• Buying, Collecting, Display: This strand concentrates on the histories of the art market, as well as of picture collections and the tastes, economics, and politics that lay behind them. It also concerns audiences for art (including museum visitors today) and the histories of the institutions themselves. It provides a context for collections that supports new approaches for presentation to the public.
  • The Meaning of Making: This strand seeks to use object-based research, combining the disciplines of art history, science and conservation, to contextualise technical study of collections by situating it within a larger art historical discourse, investigating notions of authorship, collaboration, copying, design, inspiration and their re-use/reinterpretation over time. It is a distinctive aspect of Museum/Gallery research.
  • Art and Religion: This strand focuses on the iconography, functions and context of Christian art. A high percentage of works in collections of Western European art are of religious subjects, nearly all of them Christian, reflecting the fact that, after classical antiquity, Christianity became the predominant power shaping European culture between the 13th and 19th centuries. The research addresses how and why these sacred works of art were made, to explore what they might have meant to their original viewers and to discover what they mean to beholders today.
The consortium builds on these common interests that are shared between the National Gallery and The Bowes Museum, as well as more generally in many museums, galleries and Higher Education Institutions (HEIs).

The specific themes above are not intended to be prescriptive but they serve as an effective expression of the consortium’s areas of interest, giving a framework for collaborations with HEIs and other research organisations, and for potential shared studentships. For more general information, find out about the scope of research at the National Gallery and The Bowes Museum.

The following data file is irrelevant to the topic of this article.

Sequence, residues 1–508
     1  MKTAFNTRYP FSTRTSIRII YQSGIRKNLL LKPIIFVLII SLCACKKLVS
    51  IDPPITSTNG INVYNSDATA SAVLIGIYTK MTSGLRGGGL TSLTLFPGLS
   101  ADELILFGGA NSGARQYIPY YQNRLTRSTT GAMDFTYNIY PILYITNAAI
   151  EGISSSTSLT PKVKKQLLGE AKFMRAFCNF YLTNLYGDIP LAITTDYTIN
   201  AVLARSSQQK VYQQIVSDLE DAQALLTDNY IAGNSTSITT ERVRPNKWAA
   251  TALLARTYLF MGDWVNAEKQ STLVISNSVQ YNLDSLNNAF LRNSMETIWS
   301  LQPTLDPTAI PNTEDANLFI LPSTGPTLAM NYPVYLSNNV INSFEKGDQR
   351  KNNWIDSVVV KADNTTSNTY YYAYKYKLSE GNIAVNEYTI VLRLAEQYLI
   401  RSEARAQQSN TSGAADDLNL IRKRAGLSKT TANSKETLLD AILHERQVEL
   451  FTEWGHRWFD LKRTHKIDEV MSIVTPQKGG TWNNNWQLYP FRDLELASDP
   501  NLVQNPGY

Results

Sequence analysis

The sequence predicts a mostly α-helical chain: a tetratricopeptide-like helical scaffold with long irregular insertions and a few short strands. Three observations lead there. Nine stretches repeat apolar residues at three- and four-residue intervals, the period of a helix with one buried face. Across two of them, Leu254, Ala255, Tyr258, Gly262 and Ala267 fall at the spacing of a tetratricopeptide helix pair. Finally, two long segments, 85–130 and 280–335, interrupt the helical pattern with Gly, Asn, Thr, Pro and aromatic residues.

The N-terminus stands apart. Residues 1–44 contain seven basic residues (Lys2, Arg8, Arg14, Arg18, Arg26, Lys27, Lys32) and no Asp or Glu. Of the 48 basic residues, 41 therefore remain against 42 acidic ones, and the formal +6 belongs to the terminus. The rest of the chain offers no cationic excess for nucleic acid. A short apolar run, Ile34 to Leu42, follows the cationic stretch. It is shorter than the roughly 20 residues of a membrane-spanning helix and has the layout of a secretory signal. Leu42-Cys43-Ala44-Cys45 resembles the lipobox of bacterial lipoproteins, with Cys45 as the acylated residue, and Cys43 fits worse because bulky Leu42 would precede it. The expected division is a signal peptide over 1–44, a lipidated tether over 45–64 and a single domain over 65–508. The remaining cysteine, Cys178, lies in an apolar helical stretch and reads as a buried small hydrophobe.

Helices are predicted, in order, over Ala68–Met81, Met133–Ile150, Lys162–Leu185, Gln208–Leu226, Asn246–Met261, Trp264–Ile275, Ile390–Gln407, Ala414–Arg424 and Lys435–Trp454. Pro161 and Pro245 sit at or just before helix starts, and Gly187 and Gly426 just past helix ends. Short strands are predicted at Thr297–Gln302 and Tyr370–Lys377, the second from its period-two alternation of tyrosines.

Each studentship will be jointly supervised by a member of the consortium partner’s staff and an academic from an HEI in the UK, as with the existing Collaborative Doctoral Awards (CDA) scheme. The HEI administers the studentship, receiving funds from the AHRC for fees and to cover the student’s maintenance. The consortium partner provides additional financial support to cover travel and related costs in carrying out research.

More information about Collaborative Doctoral Awards is available at the AHRC.

Further details

Information for universities
Proposals for new studentships are developed by National Gallery or The Bowes Museum staff (as co-supervisors) together with a named university partner (as principal supervisor) and are chosen on their academic strengths and clear support for the National Gallery’s or The Bowes Museum’s research objectives. We welcome expressions of interest and project ideas from any UK university. 

The deadline for the next round of CDP applications is 2 December 2016. 

For more information about partnering with the National Gallery, advice on potential internal collaborators and guidance for applications contact Marika Spring> 

For more information about partnering with The Bowes Museum, advice on potential internal collaborators and guidance for applications contact Adrian Jenkins or Jane Whittaker